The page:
BRUSSELS — Hungary’s prime minister on Wednesday dismissed concerns about his country’s new higher education law after the European Union launched legal action amid fears the legislation is aimed at shutting down a university founded by billionaire philanthropist George Soros.
While insisting that Hungary remains committed to the European project, Viktor Orban also launched a stinging attack on Soros, branding him “an open enemy of the euro” single currency who wants to open Europe’s floodgates to a million migrants a year.
Earlier, European Commission Vice President Valdis Dombrovskis said that the EU’s executive arm has sent a “letter of formal notice” to Orban’s government, which is a first step in legal action, over the education law approved earlier this month.
The commission believes it could infringe on European rights to provide services, but also rights regarding academic freedom and the right to an education.
The Hungarian government has one month to respond, and based on Budapest’s reaction, the European Commission will consider what steps to take next.
The president of the Soros-backed Central European University, Michael Ignatieff, says it means that his campus in Budapest “has a gun pointed to its head” and might not be able to accept new students after Jan. 1.
But speaking to EU lawmakers in Brussels, Orban said the law is only a “minor amendment,” and that it applies to 28 universities, with the aim of introducing uniform rules, closing loopholes, introducing transparency and ending privileges.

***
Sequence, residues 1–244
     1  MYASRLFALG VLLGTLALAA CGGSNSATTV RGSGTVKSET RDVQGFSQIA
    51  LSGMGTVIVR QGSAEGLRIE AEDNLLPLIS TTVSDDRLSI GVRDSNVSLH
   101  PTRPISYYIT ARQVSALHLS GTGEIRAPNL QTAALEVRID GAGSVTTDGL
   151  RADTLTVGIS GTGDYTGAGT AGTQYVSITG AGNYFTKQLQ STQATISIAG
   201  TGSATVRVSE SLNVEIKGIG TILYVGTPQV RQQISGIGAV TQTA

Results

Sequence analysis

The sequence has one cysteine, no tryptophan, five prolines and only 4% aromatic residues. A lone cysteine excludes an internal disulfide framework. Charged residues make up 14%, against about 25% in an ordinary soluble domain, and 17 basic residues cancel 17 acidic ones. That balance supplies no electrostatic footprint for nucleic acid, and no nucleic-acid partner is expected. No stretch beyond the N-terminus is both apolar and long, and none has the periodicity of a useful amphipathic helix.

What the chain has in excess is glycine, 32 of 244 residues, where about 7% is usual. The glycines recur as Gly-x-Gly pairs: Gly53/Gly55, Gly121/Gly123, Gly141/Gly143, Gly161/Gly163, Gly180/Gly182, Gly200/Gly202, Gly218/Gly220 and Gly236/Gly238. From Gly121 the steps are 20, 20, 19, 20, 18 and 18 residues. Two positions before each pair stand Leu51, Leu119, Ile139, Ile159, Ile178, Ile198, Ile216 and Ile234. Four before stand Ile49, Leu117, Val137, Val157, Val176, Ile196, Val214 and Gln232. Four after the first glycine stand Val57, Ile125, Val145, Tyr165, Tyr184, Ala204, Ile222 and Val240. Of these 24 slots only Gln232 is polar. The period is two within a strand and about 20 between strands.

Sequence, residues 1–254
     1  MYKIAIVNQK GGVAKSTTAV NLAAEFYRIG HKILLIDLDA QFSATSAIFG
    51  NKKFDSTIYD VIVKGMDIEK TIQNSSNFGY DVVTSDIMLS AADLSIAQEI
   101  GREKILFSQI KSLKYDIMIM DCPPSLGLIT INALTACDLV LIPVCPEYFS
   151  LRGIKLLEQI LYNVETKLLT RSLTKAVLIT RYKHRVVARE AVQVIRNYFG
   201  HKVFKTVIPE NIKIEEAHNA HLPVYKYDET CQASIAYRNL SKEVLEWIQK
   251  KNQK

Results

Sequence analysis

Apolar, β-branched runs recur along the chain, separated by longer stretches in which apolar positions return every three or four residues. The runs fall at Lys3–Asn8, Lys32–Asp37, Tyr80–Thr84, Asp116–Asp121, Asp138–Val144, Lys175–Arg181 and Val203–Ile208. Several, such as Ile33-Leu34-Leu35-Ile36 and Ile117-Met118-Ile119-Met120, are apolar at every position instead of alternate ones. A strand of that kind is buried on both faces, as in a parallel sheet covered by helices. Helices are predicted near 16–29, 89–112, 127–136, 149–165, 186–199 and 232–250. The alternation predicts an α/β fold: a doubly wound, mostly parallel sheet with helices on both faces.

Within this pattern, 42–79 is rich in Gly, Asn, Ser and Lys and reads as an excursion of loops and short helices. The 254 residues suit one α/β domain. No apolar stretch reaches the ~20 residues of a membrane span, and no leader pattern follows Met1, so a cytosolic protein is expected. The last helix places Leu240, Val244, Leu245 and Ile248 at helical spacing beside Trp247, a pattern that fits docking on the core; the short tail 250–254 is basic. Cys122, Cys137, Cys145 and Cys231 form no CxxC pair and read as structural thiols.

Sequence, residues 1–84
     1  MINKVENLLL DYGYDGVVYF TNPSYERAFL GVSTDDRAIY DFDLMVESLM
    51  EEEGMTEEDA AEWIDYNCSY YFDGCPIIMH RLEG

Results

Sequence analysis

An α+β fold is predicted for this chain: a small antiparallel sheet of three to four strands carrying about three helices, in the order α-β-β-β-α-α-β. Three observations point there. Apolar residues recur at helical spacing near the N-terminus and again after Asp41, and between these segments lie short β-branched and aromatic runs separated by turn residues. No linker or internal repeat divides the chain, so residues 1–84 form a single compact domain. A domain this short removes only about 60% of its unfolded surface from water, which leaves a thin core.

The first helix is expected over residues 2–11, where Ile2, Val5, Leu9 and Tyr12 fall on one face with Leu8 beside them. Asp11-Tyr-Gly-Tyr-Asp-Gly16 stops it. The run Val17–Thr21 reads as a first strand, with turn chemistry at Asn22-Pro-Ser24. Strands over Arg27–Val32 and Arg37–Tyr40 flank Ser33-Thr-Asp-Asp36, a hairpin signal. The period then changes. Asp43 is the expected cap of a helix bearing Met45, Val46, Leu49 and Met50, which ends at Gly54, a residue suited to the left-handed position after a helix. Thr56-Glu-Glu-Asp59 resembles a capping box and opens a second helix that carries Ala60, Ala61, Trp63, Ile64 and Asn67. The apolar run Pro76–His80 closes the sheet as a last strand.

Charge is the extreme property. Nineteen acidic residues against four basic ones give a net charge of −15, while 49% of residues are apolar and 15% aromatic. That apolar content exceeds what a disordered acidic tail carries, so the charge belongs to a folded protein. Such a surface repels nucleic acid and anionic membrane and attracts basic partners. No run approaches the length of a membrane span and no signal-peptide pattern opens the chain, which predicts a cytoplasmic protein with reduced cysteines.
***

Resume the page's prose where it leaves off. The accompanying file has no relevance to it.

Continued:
Orban has said the CEU is “cheating” because it issues diplomas accepted both in the U.S. and in Hungary, where it has been operating since 1993. The university is accredited in New York state but has no campus there. Orban says this gives it an unfair advantage over other Hungarian universities, but has denied that he wants to shut it down.
In a statement from Budapest, the CEU welcomed the legal action as confirmation of its belief that the law “is discriminatory and runs counter to European values.”
Ignatieff said he hopes the move “will lead the Hungarian government toward rapid negotiations so that we can resolve this matter.”
European Commission First Vice President Frans Timmermans described the CEU as a “pearl in the crown of post-divided Europe, of a Europe free and whole.”
“The only thing the Central European University is asking is to be left alone, to do what it does well,” he said.
He also criticized a new asylum law in Hungary, saying that it too “raises serious doubts about compatibility with EU law” and vowing to the lawmakers that “the commission will not hesitate to take further action” if necessary.
Orban, meanwhile, said that Soros and nongovernmental organizations that he funds “want to let 1 million migrants into the European Union every year. This is his publicly declared program and he offers financial loans to back this up.”
Indeed, the university dispute is part of a wider Hungarian government campaign against Soros. Orban claims Soros is undermining Hungarian interests because of his support for migrants.
Tens of thousands of people have crossed into and through Hungary. Orban, determined to stop more from coming, has built razor-wire border fences.
Liberal group leader Guy Verhofstadt accused Orban of harassing NGOs, trying to muzzle the media and now looking to close a university, and said to the Hungarian leader: “How far will you go? What is the next thing, burning books?”
Pablo Gorondi reported from Budapest, Hungary.
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